Depending on the needs, I can see parents for a four-to-eight session block, and then I may see them at other times over the child’s life. There’s also a practical element to the work I do: as social workers we provide information on government benefits, assist with applications for financial assistance and funding of respite care and make referrals to other community services. We work collaboratively with the interdisciplinary team to make sure families have appropriate equipment and are included in community activities and programs.
BLOOM: What are changes you see in parents as a result of counselling?
Barb Fishbein: I see a confidence in their parenting skills. They may start from a point of striving to be the perfect parent and get to a place of accepting themselves and embracing their strengths. Parents often tell me their children take them to places they’ve never been before.
Some families make significant changes in themselves and their view of the world. I’ve had several families say they previously had a vision of being more financially successful or having a bigger house or more material things, but they’ve found a true richness in their life in their relationships and intimacy with their children. One dad told me yesterday that his son had given him the ‘gift of dependency.’ This is a father who had lost his child.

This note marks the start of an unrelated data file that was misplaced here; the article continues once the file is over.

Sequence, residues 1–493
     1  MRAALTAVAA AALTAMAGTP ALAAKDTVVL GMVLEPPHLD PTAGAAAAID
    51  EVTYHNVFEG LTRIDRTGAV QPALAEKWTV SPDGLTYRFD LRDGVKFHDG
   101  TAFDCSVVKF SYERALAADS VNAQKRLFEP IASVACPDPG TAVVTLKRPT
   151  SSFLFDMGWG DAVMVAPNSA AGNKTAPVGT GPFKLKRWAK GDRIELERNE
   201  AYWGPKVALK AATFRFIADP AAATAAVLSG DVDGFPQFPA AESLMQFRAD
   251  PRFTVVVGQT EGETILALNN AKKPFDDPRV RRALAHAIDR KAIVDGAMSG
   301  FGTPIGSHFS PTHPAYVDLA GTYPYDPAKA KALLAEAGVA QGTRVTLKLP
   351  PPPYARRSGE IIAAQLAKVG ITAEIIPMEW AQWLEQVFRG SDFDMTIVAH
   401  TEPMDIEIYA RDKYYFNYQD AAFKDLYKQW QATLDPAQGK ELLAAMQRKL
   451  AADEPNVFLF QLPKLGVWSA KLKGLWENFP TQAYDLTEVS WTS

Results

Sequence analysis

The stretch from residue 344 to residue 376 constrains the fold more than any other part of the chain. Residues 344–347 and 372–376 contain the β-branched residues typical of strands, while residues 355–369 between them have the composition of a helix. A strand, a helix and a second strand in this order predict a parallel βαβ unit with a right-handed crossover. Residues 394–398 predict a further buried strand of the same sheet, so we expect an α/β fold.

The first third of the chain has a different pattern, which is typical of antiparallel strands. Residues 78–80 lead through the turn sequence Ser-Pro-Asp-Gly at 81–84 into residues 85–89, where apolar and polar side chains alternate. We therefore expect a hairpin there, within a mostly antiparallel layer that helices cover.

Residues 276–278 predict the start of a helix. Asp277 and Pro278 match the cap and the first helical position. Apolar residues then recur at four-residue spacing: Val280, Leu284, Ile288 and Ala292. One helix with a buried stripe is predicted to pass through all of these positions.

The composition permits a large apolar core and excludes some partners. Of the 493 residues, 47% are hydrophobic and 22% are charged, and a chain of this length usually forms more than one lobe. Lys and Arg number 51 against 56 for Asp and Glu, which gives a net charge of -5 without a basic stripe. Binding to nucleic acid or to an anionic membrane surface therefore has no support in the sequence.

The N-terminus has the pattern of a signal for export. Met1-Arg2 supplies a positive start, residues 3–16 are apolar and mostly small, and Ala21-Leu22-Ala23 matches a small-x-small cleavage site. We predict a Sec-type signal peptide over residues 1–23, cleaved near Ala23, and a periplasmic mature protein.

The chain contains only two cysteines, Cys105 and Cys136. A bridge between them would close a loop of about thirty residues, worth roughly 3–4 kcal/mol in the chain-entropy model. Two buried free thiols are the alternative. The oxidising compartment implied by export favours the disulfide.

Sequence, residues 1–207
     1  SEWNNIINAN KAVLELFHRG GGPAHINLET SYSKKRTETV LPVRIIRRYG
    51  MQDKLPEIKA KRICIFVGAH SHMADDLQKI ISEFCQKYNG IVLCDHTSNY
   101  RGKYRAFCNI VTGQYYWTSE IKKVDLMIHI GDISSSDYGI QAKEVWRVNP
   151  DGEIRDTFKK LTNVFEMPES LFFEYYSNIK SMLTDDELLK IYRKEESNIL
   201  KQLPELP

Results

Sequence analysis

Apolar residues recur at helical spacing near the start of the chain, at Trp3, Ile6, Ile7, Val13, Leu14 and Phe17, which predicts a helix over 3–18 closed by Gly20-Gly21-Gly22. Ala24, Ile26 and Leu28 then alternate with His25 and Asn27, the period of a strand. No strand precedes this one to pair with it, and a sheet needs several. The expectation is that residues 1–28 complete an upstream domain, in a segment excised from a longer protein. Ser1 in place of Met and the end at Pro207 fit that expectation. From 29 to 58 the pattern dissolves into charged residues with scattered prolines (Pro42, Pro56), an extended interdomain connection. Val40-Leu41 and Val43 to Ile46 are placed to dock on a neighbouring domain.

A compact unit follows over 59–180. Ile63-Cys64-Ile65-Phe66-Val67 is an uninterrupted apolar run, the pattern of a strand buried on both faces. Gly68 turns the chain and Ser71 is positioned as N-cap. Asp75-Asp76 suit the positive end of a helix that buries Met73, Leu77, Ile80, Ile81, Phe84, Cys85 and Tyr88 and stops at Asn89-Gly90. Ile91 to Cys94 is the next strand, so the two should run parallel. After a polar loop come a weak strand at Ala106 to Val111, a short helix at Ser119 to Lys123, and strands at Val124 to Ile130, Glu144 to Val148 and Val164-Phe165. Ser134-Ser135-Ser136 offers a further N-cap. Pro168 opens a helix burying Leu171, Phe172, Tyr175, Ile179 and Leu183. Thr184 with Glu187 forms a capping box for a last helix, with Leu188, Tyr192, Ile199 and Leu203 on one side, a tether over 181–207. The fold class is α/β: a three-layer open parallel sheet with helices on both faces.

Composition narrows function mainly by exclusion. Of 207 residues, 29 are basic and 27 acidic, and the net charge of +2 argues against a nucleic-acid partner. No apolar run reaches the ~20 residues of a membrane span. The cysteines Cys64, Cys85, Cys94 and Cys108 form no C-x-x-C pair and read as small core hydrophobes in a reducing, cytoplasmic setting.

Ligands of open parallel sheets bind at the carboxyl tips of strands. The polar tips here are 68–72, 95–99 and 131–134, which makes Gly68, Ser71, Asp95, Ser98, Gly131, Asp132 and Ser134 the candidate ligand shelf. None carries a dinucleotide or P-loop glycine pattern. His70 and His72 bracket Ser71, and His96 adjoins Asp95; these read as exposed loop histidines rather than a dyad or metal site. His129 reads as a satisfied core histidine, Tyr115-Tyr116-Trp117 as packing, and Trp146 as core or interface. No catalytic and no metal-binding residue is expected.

BLOOM: Why does our culture have such a problem with dependency?
Barb Fishbein: It’s a belief system most parents come in with and it causes a great deal of anxiety. They have dreams for their child’s future based on societal norms about their child going to university, getting a job and moving out.
For some parents, realizing their child may be dependent for a longer period of time helps them to slow down, to stop and reflect on what’s important. They’re able to see the beauty in their children, the gifts they give and the joy in being able to care for another human being in such an intimate way.
Sometimes parents feel a lot of worry about whether they’re going to be a good-enough parent to their child. They feel they can’t possibly do this and they may come to social workers feeling depressed. We work on helping them to recognize the skills they’re developing: navigating the hospital system, learning nursing or therapy interventions they might have to do at home and becoming an advocate.